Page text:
Unfortunately we can't include all of the text service in Tier 1, and we also have to balance the need to make this content available against the need to make the content available quickly. Otherwise, if all the Red Button text content was available alongside BBC channels viewers would have to wait for a long time - a minute, for instance - to load the service to check the day's headlines.

Enter Tier 2. Here, as mentioned previously, we have up to 6Mbit/second of bandwidth for the text and application. Therefore, this is where we put all the content that we know is bandwidth-hungry like share prices, and you guessed it, Flight Arrivals.

When we decided to include Flight Arrivals in the Red Button service, there was a debate about where we should place this content for our service on satellite. Should we place it on Tier 1, thus giving viewers the ability to check this content whilst watching a BBC channel? Against that, we knew that we would be adding over 140 extra pages to the service, and this would affect the service's loading time.

In the end, we opted to have Flight Arrivals added to Tier 2. This however presented us with another problem. Flight Arrivals content would be presented across the entire screen, but it would need to be categorised into regions and airports, and this must be displayed using existing menus - yet all our menus on Tier 2 require a quarter-screen video to be shown alongside them (see previous screenshot).

Due to the way the Red Button service is structured, our choices for the quarter-screen video accompaniment for Flight Arrivals are limited to the non-channel video content that we carry. In practical terms, this means choosing a piece of video content within the News Multiscreen service. In the end it was decided that it made the most sense to display the weather news video alongside Flight Arrivals; viewers could listen to weather audio whilst looking at Flight Arrivals information.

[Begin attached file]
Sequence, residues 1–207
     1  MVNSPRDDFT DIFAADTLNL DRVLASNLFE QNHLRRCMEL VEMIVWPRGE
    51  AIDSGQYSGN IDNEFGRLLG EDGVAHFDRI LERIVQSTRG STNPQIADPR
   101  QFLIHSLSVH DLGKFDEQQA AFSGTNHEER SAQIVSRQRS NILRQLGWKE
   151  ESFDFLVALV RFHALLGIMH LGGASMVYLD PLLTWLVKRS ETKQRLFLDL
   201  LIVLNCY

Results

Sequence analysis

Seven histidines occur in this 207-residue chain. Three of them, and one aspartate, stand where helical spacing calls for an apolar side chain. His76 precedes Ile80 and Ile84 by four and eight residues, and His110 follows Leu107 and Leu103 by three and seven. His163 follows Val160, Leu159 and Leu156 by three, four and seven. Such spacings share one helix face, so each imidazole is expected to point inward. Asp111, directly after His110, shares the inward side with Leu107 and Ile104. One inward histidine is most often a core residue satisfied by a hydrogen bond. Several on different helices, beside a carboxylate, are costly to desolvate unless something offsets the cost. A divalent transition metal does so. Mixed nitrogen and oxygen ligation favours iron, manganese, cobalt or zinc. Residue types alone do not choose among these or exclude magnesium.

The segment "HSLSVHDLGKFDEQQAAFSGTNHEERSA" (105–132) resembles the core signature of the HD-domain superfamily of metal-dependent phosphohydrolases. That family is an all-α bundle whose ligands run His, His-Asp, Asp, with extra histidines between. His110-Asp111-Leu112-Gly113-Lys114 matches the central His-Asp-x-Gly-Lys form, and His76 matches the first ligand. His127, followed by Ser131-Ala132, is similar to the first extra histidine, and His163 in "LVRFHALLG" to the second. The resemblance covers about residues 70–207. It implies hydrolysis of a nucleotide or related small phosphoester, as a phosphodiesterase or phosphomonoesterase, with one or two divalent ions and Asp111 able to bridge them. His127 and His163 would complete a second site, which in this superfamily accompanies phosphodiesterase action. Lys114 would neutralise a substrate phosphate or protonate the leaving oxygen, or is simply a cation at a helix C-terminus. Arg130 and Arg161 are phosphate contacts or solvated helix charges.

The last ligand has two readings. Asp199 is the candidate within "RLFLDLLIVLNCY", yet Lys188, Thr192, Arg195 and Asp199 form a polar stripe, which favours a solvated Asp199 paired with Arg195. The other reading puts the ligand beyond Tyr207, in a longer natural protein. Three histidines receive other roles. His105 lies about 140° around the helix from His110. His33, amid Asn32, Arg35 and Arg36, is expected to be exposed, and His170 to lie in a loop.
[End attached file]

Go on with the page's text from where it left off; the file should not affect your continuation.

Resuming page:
Farah Fahmy is a Development Producer working in the TV Platforms Group


  • 1. At 11:26pm on 20 Mar 2009, Peter wrote:

    Ah, so it was as I thought after all!

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  • 2. At 11:09am on 21 Mar 2009, Briantist wrote:

    Just wondered from reading the above, are the two data caroucels "equating to about 2Mbit/second and the other at about 6Mbit/second" - is this service using the "opportunisitic data" (ie, the spare bandwidth from the result of the MPEG2 picture encoding) or is the data part pre-reserved in the multiplex?

    Secondly, how about, for those poor people without access to the internet, it would be great more of the BBC News content (longer news stories, blogs etc) could be shoved into the Tier 2 area.

    It would be great for people who can't afford Internet access at home, or are somewhere where it cannot be accesses to have access to deeper information for current news stores, BBC blogs and so on, even if it did mean Ceefax-style waiting for the longer content.

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  • 3. At 12:14pm on 21 Mar 2009, Brekkie wrote:

    Having not had Sky I always assumed we got an inferior, more basic, service on Freeview - but recently when I got my hands on a Sky remote for a few days when staying elsewhere I was surprised to discover that's simply not the case.